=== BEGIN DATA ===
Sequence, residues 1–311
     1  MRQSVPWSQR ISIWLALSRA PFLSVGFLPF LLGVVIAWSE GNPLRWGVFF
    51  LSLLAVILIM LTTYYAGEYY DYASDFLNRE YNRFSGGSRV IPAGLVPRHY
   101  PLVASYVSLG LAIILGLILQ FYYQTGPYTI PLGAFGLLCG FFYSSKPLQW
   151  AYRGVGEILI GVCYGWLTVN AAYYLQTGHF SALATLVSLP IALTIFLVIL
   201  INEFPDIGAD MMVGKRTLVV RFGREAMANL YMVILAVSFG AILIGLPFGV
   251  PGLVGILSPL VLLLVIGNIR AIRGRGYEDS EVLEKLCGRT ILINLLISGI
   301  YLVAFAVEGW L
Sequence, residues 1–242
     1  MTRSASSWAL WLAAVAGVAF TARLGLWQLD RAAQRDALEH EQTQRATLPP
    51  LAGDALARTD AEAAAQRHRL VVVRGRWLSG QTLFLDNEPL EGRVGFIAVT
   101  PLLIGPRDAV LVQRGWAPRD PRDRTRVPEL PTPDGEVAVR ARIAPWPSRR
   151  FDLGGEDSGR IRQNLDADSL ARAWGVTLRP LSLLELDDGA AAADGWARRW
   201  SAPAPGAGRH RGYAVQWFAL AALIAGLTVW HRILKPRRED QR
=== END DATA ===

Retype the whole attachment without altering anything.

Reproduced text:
Sequence, residues 1–311
     1  MRQSVPWSQR ISIWLALSRA PFLSVGFLPF LLGVVIAWSE GNPLRWGVFF
    51  LSLLAVILIM LTTYYAGEYY DYASDFLNRE YNRFSGGSRV IPAGLVPRHY
   101  PLVASYVSLG LAIILGLILQ FYYQTGPYTI PLGAFGLLCG FFYSSKPLQW
   151  AYRGVGEILI GVCYGWLTVN AAYYLQTGHF SALATLVSLP IALTIFLVIL
   201  INEFPDIGAD MMVGKRTLVV RFGREAMANL YMVILAVSFG AILIGLPFGV
   251  PGLVGILSPL VLLLVIGNIR AIRGRGYEDS EVLEKLCGRT ILINLLISGI
   301  YLVAFAVEGW L
Sequence, residues 1–242
     1  MTRSASSWAL WLAAVAGVAF TARLGLWQLD RAAQRDALEH EQTQRATLPP
    51  LAGDALARTD AEAAAQRHRL VVVRGRWLSG QTLFLDNEPL EGRVGFIAVT
   101  PLLIGPRDAV LVQRGWAPRD PRDRTRVPEL PTPDGEVAVR ARIAPWPSRR
   151  FDLGGEDSGR IRQNLDADSL ARAWGVTLRP LSLLELDDGA AAADGWARRW
   201  SAPAPGAGRH RGYAVQWFAL AALIAGLTVW HRILKPRRED QR